What to Know
- Paul Manafort was sentenced to seven and a half years in prison in March in two related federal bank fraud, tax and conspiracy cases
- Minutes later, a 16-count indictment on state mortgage fraud charges was unsealed against Manafort, Trump's ex-campaign manager, in New York
- The new case appeared designed at least in part to protect against a possible Trump pardon, which would cover federal but not state crimes
Paul Manafort, the former President Trump campaign manager who has been serving a federal prison sentence in Pennsylvania, has been moved to the federal Metropolitan Correctional Center in Manhattan, which counts El Chapo among its most notorious inmates, a senior Department of Justice official and other law enforcement sources confirm to News 4 and NBC News.
Manafort's transfer to the city to face state fraud charges had been expected for a number of weeks, as News 4 reported earlier this month, but where the 70-year-old would be lodged for the duration of his trial had still been up in the air.
There was talk he could have been moved to a special housing area in Rikers for protection -- or Bellevue, to help with any potential medical issues he may be managing, or other facilities. Ultimately, his attorneys contacted the federal Bureau of Prisons and requested that he stay in federal as opposed to state custody because of concerns "related to his health and personal safety," a senior Department of Justice official said in a statement early Tuesday.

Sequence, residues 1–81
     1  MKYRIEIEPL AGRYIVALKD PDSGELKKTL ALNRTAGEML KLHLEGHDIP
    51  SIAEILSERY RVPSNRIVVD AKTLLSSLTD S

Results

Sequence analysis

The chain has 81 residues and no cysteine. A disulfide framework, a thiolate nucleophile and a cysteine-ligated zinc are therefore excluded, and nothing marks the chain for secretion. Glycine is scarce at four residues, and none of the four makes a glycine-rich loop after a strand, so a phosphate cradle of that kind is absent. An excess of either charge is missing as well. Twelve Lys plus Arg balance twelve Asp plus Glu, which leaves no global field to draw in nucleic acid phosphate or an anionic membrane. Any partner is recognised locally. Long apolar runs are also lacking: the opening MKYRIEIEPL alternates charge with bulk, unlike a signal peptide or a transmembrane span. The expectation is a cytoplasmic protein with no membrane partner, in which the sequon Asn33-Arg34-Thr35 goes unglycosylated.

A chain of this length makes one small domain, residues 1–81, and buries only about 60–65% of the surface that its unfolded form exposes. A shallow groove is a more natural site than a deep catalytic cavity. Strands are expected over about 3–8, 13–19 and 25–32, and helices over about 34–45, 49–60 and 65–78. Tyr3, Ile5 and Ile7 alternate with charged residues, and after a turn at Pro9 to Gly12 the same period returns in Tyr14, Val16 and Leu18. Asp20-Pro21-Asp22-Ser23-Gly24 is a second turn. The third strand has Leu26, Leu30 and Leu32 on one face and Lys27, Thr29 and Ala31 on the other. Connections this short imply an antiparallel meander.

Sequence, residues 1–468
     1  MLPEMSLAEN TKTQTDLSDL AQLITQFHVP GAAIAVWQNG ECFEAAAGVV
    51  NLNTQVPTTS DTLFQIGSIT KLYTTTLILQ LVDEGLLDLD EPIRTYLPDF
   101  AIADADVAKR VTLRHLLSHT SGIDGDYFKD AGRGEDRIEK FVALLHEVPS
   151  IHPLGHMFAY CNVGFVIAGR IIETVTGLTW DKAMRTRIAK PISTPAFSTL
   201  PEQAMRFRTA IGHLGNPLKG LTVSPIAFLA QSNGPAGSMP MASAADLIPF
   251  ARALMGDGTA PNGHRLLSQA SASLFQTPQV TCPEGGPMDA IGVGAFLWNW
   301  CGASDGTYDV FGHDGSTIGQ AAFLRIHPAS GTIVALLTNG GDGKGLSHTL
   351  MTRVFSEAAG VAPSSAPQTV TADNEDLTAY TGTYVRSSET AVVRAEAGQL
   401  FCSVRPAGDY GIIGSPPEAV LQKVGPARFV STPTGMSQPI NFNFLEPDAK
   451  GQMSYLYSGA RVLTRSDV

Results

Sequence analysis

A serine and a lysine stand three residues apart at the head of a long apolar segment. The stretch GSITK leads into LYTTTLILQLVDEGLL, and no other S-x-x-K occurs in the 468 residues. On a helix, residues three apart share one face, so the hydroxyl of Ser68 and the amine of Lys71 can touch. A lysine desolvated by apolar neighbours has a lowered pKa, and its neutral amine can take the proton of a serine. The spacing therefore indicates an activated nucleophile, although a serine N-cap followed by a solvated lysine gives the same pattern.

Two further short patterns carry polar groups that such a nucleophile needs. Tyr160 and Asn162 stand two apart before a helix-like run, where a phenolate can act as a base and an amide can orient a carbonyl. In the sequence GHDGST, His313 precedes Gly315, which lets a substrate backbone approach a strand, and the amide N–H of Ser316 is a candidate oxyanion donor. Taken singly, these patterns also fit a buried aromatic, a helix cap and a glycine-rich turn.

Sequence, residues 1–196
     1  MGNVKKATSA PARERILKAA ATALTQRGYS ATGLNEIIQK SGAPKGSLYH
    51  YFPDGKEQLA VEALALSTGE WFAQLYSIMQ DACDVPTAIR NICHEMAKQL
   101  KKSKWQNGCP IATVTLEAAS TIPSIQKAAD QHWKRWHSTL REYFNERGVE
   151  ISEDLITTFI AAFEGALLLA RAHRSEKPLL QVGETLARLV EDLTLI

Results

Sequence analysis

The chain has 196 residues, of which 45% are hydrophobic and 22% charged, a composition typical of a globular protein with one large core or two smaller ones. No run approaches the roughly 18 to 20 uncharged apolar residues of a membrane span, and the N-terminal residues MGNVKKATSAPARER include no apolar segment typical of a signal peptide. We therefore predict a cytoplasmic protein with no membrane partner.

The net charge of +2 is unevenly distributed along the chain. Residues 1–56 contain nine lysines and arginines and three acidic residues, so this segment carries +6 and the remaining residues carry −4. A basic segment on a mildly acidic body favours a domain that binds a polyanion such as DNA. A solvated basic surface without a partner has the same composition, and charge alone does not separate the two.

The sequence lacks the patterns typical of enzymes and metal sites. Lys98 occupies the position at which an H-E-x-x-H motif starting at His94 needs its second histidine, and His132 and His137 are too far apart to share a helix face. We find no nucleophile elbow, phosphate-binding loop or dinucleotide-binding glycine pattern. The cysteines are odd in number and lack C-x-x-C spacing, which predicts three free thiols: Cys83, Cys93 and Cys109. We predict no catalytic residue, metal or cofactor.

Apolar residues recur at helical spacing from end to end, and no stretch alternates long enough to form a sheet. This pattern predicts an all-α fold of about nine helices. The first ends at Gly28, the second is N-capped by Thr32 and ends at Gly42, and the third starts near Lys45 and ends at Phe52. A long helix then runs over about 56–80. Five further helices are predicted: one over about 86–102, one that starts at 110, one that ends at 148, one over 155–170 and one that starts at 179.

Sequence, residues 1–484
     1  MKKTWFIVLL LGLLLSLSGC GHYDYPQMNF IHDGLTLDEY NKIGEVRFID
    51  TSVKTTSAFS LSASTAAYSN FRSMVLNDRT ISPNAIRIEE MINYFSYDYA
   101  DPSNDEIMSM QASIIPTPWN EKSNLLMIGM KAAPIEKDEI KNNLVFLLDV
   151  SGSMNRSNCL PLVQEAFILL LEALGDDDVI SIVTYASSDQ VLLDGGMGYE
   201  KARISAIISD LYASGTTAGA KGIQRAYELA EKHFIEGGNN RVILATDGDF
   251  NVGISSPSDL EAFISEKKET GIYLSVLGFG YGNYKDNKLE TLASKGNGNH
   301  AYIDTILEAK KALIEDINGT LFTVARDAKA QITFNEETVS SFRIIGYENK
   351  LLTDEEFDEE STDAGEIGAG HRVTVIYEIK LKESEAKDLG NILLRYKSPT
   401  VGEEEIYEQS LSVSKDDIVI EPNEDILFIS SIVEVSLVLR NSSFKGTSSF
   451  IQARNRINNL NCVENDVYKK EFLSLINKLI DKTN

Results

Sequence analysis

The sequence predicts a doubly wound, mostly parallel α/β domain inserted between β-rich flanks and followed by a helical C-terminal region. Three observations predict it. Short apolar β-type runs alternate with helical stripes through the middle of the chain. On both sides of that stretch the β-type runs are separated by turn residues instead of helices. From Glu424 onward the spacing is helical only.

New York prosecutors didn't object to the proposal, which also pledged to make Manafort available to the state when necessary. According to the statement from the Department of Justice official, Manafort will remain in federal custody in New York "during the pendency of his state proceeding." It's not clear if he will stay at MCC for the entire duration of the state trial, but the federal official said "this arrangement will not have any impact on his state proceedings."
The state fraud charges were unsealed in a 16-count indictment minutes after Manafort was sentenced in March to seven and a half years in prison following convictions in two related federal bank fraud, tax and conspiracy cases. The new case appeared designed at least in part to protect against a possible pardon from Trump, since presidential pardons apply to federal but not state crimes.
Previously, when asked about the prospect of Manafort being moved to the city, Mayor de Blasio said he would be treated "like any other inmate, and would have the same rights and responsibilities." The mayor also noted there are "safety questions that have to be attended to."